• the earliest generation of literature was from the Basic Needs approach to development, which emerged from the World Employment Program (WEP) of the International Labor Organization in the late 1970s/early 1980s. This approach linked economic growth to employment creation, which was seen as a solution to poverty reduction;

  • the next generation of literature revolved around the issue of targeting peasants in rural development as offering the fastest way to increase the living standards of the poor. Some writers saw the targeting of the poor as a strategy for growth, as it trickled up, whereas for others, the poor were a target of the benefits of growth, as it trickled down to them;

  • in response to increased civil society activism that has drawn attention to the inequalities of globalization, latter day academics are demanding that the poor should be the focus of development strategies. One major criticism made by this lobby is that since they exclusively aim at macroeconomic stabilization, Structural Adjustment Programs cannot improve the lot of the poor.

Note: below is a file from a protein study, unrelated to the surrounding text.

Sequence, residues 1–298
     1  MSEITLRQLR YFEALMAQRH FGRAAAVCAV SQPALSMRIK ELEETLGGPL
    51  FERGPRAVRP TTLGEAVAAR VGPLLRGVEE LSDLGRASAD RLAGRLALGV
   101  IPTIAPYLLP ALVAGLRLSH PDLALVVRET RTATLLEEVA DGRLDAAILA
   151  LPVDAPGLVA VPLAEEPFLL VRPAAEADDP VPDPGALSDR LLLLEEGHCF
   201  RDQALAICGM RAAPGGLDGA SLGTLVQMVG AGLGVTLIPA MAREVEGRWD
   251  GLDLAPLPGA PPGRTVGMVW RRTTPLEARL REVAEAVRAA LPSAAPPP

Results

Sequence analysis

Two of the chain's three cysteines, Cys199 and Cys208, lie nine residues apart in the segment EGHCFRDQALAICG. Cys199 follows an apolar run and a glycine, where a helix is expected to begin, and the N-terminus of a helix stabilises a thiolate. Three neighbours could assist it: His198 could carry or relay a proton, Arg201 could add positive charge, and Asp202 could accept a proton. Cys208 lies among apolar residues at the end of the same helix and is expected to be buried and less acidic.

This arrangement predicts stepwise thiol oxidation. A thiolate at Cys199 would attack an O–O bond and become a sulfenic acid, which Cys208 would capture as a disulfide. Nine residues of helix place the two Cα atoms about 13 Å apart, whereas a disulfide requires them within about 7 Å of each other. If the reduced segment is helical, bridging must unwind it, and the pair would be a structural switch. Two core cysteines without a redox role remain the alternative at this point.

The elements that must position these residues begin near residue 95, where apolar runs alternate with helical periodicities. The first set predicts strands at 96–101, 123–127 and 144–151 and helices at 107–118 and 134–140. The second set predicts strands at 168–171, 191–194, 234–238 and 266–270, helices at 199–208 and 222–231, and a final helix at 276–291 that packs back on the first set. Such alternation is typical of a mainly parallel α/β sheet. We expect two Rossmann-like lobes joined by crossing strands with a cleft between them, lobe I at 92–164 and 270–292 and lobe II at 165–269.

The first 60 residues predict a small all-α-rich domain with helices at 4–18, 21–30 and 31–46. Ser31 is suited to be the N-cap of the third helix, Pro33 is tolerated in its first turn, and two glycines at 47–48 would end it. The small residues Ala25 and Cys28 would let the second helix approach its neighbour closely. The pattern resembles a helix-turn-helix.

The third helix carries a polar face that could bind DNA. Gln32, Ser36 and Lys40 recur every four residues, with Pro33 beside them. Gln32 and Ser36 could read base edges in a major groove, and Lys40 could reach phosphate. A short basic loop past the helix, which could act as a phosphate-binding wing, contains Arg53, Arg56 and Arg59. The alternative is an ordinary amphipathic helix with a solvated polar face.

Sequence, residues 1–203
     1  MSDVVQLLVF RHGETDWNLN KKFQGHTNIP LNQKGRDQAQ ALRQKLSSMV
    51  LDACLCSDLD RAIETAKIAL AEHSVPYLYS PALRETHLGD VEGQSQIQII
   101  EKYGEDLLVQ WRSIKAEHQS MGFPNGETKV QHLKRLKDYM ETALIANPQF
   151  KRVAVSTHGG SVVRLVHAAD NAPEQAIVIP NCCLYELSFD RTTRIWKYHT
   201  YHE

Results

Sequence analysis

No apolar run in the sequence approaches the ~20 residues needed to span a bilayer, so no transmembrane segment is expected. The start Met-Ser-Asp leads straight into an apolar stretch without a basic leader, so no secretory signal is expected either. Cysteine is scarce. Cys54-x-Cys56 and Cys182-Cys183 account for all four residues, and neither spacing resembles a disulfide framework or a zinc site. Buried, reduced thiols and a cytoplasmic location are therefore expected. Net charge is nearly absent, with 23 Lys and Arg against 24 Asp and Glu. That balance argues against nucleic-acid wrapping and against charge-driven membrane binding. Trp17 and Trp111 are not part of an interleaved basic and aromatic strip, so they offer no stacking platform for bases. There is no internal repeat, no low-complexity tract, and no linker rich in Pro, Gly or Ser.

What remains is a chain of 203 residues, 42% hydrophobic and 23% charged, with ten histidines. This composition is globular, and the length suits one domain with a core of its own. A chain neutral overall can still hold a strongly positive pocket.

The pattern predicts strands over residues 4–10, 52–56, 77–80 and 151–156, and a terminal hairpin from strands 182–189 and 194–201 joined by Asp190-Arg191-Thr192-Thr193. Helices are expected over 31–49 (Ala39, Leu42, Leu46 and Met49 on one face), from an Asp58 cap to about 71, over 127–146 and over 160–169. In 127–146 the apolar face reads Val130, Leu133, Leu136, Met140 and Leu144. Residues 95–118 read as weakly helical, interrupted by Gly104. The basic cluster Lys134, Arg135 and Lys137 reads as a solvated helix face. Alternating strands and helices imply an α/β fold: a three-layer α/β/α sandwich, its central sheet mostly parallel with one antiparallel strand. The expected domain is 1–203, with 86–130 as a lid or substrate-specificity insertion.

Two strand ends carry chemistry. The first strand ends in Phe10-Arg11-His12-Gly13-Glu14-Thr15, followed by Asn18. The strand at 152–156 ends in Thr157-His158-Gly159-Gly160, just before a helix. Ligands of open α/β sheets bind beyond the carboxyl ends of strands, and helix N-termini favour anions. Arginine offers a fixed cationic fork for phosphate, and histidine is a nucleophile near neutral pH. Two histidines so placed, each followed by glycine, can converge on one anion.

The PRSP Process

Dr. Ngwira then went on to point out that:

  • the PRSP process in Malawi was a most participatory one. Apart from the vision 2020, and the sectoral environmental action plan, no process to formulate national development policies in Malawi has involved such a wide consultation of stakeholders;

  • the Malawi PRSP emphasizes 4 features that distinguishes it from previous economic planning efforts:
    • the first one is that the PRSP will use the approach to poverty reduction of empowering the poor, and not giving them hand outs;

    • the second one will be emphasis on implementation by making sure plans are translated into action through budgets;

    • the third distinguishing feature will be making implementation transparent and participatory;

    • lastly the PRSP will, unlike in the past, be the only framework for financing and implementing development plans; any plans and projects that do not fit the PRSP framework will not be financed;

Poverty Profiling

In respect of Malawi’s poverty profile Dr. Ngwira observed that:

  • the richest 20% consume 43.6% of goods and services, while the poorest 20 % consume only 6.3%. There is more inequality in the urban areas, measured by the gini coefficient of 0.52 for urban areas and 0.37 for rural areas;